This week I talk the Gauri AKA the “Loving Earth Mama” who is half English, half Portugese and is a real TCK who had her daughter in the US – I won’t go into too much detail as she’s got it all covered as part of the series The Global Differences of Baby-Making. Here is her story:
Tell me a bit about yourself? Where are you from? How old is your daughter and where did you have her?
I was born in Boston where my parents travelled to study complementary medicines and join the health food movement 🙂 My dad is Portuguese, my mother is English. I grew up in Portugal which we moved to when I was 5. At 18 I went to the UK to do a degree and ended up living there for 15 years. I now live in the San Francisco Bay Area with my hubby (who himself is bi-cultural: British-born Chinese) and 20 month old baby girl (nicknamed Nica). She was born in San Fran after we had been living here for a year and a half.
Why did you have your daughter abroad? What do you feel were the benefits to having children abroad?
We didn’t plan to spawn abroad, as such… we just moved here because it is so sunny and wonderful and then found our life naturally moved that way. But, though there are many challenges – not least of which being away from my family and friends – there are some benefits to living far from your tribe, too.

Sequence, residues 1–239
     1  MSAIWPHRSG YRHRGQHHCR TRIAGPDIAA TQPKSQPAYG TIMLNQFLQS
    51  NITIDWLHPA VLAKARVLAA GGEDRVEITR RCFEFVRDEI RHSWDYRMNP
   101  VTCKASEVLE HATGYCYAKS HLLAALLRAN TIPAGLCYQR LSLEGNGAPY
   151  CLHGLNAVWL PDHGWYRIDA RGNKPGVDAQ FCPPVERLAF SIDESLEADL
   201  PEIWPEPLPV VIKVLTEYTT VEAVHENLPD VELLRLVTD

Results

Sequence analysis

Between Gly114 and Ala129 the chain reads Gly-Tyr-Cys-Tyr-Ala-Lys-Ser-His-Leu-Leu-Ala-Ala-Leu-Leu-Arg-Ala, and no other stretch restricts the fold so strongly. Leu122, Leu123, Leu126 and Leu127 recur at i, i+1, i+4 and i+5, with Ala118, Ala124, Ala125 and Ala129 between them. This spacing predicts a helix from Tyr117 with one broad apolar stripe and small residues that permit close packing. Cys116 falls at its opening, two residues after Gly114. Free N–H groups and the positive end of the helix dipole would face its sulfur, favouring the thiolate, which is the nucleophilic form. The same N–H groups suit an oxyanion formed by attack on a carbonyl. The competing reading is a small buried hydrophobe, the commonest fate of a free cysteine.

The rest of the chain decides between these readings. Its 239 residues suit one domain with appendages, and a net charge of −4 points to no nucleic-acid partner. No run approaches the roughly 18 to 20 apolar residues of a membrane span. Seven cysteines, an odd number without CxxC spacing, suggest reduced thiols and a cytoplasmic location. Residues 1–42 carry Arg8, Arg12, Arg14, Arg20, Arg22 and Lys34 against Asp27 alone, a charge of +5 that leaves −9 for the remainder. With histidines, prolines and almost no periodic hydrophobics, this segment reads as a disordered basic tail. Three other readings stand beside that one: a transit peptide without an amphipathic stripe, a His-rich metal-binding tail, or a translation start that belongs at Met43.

When I first gave birth I concentrated on the negative. I cried ‘cos my mother wasn’t here to help me (though she does help me a lot from afar and comes for long visits, too) and ‘cos I had no friends coming over with food and comfort. ‘It takes a village’, I sobbed, ‘and mine is the other side of an ocean’. Then slowly I remembered the reasons why I left Portugal. I LOVE that country but I left because, even living in the capital, I felt smothered and hemmed in, like I was living in… err… a small village – you know, where everybody is up in your business, talking about you, judging you, interfering? And I remembered that actually I don’t like ‘village’ life, at all!